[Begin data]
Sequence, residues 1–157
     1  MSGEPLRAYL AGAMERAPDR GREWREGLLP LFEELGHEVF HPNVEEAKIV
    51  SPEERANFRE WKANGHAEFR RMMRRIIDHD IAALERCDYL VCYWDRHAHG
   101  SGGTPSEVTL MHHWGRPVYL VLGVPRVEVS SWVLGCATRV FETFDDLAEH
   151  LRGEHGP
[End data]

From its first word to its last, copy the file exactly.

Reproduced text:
Sequence, residues 1–157
     1  MSGEPLRAYL AGAMERAPDR GREWREGLLP LFEELGHEVF HPNVEEAKIV
    51  SPEERANFRE WKANGHAEFR RMMRRIIDHD IAALERCDYL VCYWDRHAHG
   101  SGGTPSEVTL MHHWGRPVYL VLGVPRVEVS SWVLGCATRV FETFDDLAEH
   151  LRGEHGP